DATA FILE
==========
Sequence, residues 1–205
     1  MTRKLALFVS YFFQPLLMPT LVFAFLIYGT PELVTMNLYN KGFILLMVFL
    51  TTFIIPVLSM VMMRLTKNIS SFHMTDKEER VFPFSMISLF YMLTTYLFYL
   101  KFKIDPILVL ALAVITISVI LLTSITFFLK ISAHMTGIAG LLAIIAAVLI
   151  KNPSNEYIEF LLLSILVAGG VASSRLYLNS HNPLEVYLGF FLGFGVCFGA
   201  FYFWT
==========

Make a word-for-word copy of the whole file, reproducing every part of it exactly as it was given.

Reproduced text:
Sequence, residues 1–205
     1  MTRKLALFVS YFFQPLLMPT LVFAFLIYGT PELVTMNLYN KGFILLMVFL
    51  TTFIIPVLSM VMMRLTKNIS SFHMTDKEER VFPFSMISLF YMLTTYLFYL
   101  KFKIDPILVL ALAVITISVI LLTSITFFLK ISAHMTGIAG LLAIIAAVLI
   151  KNPSNEYIEF LLLSILVAGG VASSRLYLNS HNPLEVYLGF FLGFGVCFGA
   201  FYFWT